A tall, spare man with sandy (later greying) hair, Campbell commanded widespread respect. He held appointments in educational, charitable and government bodies, including the Australian Industry Development Corporation (1974-80) and (from 1981) the council of the University of New South Wales. He was also a member (1970-75) and then chairman of the council of the Science Foundation for Physics at the University of Sydney, chairman of the Eastern Suburbs Railway Board of Review (1976) and a member of the committee of inquiry into the cost of housing in New South Wales (1977-78). He supported the Salvation Army and was a foundation director (1970-76) and chairman (1976-83) of the board of the Shepherd Centre for deaf children. In addition to his many other commitments he helped with the accounts at Santa Sabina Convent, Strathfield, where his children were educated: when one of the nuns chided him about smoking he jokingly replied that he would give up smoking when she changed her religion. The Campbell family lived at Strath-field until the mid-1970s and then moved to Mosman.

In April 1983 Campbell participated in Prime Minister Hawke’s National Economic Summit, urging that unemployment and inflation must be addressed simultaneously; higher unemployment could not be tolerated because it caused great distress. His heavy workload took a toll on his health. Sir Keith died of ischaemic heart disease on 16 April 1983 at Concord. He had been playing golf which, with surfing, was his favourite recreation. Hundreds of mourners attended the requiem Mass for him at Santa Sabina Chapel, Strathfield. Survived by his wife and their three daughters and son, he was cremated. Financial commentators agreed that he had been both effective and intellectually flexible, an uncommon characteristic among accountants of his era. Though he was appointed to lead an inquiry under a Federal coalition government, most of his main recommendations were, ironically, not implemented until the Hawke Labor government, with Paul Keating as treasurer, came to power. According to an obituary he was regarded as `unfailingly courteous’ in a business climate where ideological posturing often took the place of reasoned argument.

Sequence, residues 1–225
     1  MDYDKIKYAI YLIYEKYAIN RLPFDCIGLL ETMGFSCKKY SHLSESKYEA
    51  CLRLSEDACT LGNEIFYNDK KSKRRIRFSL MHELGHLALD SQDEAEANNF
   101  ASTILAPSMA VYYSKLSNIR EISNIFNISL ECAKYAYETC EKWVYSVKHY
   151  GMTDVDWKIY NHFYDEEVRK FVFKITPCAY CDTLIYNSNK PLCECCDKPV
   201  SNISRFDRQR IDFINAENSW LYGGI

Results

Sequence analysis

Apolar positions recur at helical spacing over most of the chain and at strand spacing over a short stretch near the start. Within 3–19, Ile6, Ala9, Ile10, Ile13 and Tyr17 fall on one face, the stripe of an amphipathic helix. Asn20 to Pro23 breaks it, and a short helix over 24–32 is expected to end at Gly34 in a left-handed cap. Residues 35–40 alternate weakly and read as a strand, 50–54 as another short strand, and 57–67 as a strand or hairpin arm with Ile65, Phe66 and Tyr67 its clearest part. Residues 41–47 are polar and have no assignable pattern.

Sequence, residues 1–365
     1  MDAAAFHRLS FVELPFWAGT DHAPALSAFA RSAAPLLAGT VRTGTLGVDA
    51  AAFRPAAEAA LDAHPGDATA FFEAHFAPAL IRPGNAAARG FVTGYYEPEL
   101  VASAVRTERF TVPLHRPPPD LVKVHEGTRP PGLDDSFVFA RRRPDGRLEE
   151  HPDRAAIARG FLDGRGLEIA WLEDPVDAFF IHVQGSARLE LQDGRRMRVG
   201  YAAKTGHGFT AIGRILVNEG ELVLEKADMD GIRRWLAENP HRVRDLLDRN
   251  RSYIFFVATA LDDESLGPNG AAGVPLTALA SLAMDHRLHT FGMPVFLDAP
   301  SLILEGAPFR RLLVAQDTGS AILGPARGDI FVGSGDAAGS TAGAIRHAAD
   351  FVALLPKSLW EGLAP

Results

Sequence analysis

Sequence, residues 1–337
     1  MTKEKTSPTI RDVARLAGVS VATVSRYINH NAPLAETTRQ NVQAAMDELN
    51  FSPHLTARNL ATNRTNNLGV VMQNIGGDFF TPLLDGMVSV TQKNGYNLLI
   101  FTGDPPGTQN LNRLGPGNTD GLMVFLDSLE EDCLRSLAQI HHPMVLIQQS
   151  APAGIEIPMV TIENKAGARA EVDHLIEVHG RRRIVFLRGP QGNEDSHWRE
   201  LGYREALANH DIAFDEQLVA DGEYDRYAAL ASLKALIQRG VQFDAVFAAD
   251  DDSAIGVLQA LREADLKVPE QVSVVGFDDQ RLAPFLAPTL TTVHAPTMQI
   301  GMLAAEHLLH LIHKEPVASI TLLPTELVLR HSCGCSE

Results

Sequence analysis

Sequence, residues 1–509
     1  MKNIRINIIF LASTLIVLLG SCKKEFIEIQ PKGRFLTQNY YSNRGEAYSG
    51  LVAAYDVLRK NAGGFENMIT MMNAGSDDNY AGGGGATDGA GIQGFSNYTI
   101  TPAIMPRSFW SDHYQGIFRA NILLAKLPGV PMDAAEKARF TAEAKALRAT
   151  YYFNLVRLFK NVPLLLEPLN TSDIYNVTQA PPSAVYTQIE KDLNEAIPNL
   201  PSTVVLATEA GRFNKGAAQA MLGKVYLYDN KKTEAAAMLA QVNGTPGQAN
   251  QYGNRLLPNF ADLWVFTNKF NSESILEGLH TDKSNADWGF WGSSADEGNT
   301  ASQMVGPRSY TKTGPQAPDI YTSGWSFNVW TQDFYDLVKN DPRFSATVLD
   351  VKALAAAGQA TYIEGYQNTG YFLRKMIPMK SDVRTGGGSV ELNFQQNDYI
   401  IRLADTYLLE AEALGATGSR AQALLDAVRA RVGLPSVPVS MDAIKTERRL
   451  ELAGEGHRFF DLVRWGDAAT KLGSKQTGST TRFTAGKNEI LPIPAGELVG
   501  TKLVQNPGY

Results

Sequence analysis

Select Bibliography

  • R. Appleyard and C. Schedvin (eds), Australian Financiers (1988)
  • National Times, 26 May 1979, p 36
  • Australian, 1 Jan 1982, p 2
  • Chartered Accountant, Feb 1983, p 3
  • Australian Financial Review, 18 Apr 1983, p 3
  • Canberra Times, 18 Apr 1983, p 3
  • Sydney Morning Herald, 20 Apr 1983, p 6, 25 Apr 1983, p 11.

Related Entries in NCB Sites

Citation details

Peter Spearritt, 'Campbell, Sir James Keith (1928–1983)', Australian Dictionary of Biography, National Centre of Biography, Australian National University,, published first in hardcopy 2007, accessed online 18 July 2024.

This article was published in hardcopy in Australian Dictionary of Biography, Volume 17, (Melbourne University Press), 2007

View the front pages for Volume 17

© Copyright Australian Dictionary of Biography, 2006-2024

Life Summary [details]


4 March, 1928
Sydney, New South Wales, Australia


16 April, 1983 (aged 55)
Concord, Sydney, New South Wales, Australia

Religious Influence

Includes the religion in which subjects were raised, have chosen themselves, attendance at religious schools and/or religious funeral rites; Atheism and Agnosticism have been included.